Update for Our Valued Patients
March 27th – Update For Patients
March 13th – Update For Patients
With all the concerns surrounding the Covid-19, I wanted to approach this a bit differently based on a quote I read from NY Governor Andrew Cuomo about being frightened.
I’ll get to that in a second, but as a medical doctor, I felt obligated to encourage you to the do the obvious with this situation:
Don’t panic and…
Sorry, couldn’t resist the chance to share my memories of Hot Sauce’d and Spiced Creole Food from the Big Easy!
My patients tend to be the more intelligent ones in the population ( I mean, look at the doctor they chose obviously) so I will NOT reiterate the same statements everybody else is making.
Of course we keep our office clean. We are a medical practice. We will continue this… and not just because COVID-19.
Of course our patients, staff and families health is important to us. That is why we are in the business we are in. A confident person is a healthy person and we help with that. The good news is that the majority of people who come into the office( patients and staff) are physically very healthy. We plan to continue to support this. I believe MCPS patients have common sense and will not come to an appointment if they are not well. We’ve always had a very lenient policy to accommodate scheduling challenges and have also offered virtual consults. Nothing changes.
And of course, we’ve all been taught to cough into our elbow, and stay home if we feel sick. We’ve all gone through Kindergarten. Again… fully supported at MCPS.
OK, enough of the public service announcement.
Here’s the quote I promised you from Andrew Cuomo, NY Gov.:
There is no cause for surprise — this was expected. As I said from the beginning, it was a matter of when, not if, there would be a positive case of novel coronavirus in New York.
We’re dealing with a Coronavirus epidemic. We have a bigger problem, which is a fear pandemic. And the anxiety here is outpacing the reality of the situation. Now, why do people get frightened in general? People get frightened when one of two things happen. Either I’m not receiving information or I don’t trust the information I’m receiving, or the information is very frightening. In this case, the information is not very frightening, the facts are not very frightening.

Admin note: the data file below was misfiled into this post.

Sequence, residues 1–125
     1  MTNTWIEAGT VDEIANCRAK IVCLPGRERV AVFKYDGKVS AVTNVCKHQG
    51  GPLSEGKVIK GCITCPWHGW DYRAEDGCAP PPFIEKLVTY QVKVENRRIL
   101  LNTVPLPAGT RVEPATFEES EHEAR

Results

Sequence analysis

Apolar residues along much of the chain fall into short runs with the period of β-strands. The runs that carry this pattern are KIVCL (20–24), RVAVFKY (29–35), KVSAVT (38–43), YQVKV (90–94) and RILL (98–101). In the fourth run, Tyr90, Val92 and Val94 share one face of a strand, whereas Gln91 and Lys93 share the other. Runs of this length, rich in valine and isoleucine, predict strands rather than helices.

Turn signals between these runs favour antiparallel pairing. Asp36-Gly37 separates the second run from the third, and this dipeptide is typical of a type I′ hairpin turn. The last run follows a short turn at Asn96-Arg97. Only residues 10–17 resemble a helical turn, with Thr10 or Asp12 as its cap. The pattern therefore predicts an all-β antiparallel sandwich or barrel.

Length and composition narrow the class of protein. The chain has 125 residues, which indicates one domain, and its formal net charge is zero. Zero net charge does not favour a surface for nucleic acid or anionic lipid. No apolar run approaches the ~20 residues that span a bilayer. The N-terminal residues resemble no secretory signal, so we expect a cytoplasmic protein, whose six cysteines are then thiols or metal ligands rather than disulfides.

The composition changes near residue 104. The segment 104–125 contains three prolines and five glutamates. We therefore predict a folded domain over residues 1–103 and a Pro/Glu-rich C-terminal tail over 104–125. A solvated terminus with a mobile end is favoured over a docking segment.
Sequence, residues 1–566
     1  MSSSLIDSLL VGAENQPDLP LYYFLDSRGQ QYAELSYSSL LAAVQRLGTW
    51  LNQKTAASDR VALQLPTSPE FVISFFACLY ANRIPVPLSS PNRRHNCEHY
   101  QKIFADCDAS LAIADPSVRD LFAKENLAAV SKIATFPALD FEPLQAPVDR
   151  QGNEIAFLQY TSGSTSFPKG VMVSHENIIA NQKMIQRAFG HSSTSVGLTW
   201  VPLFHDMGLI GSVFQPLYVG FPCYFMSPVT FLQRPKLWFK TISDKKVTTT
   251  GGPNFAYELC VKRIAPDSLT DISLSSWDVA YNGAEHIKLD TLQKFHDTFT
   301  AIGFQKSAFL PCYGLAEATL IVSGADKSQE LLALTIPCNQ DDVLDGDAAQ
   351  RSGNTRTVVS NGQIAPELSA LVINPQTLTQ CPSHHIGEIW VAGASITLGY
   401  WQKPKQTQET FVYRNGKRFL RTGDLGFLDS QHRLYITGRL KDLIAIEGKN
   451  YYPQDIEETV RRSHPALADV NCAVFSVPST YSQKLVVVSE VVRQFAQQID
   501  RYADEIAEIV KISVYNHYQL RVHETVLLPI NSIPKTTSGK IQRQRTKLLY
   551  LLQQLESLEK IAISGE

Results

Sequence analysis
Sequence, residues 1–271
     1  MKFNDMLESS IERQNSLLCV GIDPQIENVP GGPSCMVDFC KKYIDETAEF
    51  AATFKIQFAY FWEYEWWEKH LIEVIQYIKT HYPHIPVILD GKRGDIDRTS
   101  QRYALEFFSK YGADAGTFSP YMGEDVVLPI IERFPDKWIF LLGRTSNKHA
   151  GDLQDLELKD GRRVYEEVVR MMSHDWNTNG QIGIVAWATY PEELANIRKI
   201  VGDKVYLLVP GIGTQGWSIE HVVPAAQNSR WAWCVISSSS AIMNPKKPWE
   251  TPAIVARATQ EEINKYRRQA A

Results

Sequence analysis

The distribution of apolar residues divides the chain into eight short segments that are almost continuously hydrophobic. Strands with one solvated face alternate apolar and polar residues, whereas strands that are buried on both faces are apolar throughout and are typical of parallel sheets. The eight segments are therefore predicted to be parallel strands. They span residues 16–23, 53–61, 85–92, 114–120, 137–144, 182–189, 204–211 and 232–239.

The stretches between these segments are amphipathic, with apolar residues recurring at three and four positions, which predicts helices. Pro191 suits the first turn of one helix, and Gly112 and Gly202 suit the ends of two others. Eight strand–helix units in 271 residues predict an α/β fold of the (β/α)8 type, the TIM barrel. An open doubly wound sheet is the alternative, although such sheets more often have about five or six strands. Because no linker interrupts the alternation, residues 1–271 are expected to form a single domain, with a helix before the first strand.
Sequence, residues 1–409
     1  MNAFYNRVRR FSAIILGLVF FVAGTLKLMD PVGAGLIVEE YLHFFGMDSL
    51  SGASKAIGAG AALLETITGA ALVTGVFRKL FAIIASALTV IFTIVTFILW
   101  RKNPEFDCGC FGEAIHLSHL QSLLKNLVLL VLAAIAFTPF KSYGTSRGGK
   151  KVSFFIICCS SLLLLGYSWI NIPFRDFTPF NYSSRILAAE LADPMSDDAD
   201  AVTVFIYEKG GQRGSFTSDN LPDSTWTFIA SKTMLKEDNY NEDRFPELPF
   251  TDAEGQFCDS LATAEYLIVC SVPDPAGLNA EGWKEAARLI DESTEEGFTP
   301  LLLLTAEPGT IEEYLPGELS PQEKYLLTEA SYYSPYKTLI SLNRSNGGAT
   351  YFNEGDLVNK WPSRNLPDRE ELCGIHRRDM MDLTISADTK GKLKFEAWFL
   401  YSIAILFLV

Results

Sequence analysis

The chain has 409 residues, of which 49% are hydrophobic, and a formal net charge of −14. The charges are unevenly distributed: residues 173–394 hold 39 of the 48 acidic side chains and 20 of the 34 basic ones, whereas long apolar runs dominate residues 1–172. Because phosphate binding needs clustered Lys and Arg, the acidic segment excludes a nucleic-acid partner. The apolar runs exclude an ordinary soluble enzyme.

There is no reason for undue anxiety — the general risk remains low in New York. We are diligently managing this situation and will continue to provide information as it becomes available.
His take on why people become frightened is what I found most interesting.
Not receiving information: I never liked this. I want to be informed and I want my patients to be informed. That is why at MCPS we have the most extensive, most comprehensive consultation process in Nashville. I believe knowledge is power and I want to ensure my patients are empowered to make the best decision for themselves.
I don’t trust the information: if the source cannot be trusted, any information from that source will easily be discredited. My daughter knows when I tell her there are no monsters in her dark room, that I am telling the truth. She trusts me based on her experiences with me as her father. Sometimes she likes to verify this with her mom, as additional proof that I can be trusted. This is also called social proof. Similarly, our patients trust us when we tell them any pain will be short lived, their scars will fade, swelling will resolve. Often they will verify this by seeing others’ enthusiastic testimonials ( social proof) about their experience at Music City Plastic Surgery. If the information conveyed is not trusted, anxiety about the situation exponentially intensifies.
The information received is frightening: Sometimes leaders must give people information that will scare or upset them. In these cases, leaders must be factual and empathetic, and explain the why behind the information. In Governor Cuomo’s case, he explained that New York did not have enough kits to test everyone, so they were working with doctors to prioritize people who were at the highest risk or showed obvious symptoms. It was a clear answer people could understand.
I find delivering honest factual information, even if scary, is best.
I don’t like negative surprises or sugary hyperbole about how great things will be. If it’s gonna be bad, I’d rather know it up front. If something will be painful, annoying, irritating, require down time, etc. I’d like to know ahead of time. Then I can mentally prepare for it, evaluate my options and then handle it. I try to treat my patients in a similar manner. While some request less information than others, I’ve found this approach seems to work best.
We are facing some potentially frightening times ahead. However, I don’t believe this is a time to panic. At Music City Plastic Surgery, we are operating as business as usual, and are performing surgery, injections and aesthetic treatments as planned. I encourage all of us to not allow our looks to be added to the list of things that are frightening.
Dr. Mike Burgdorf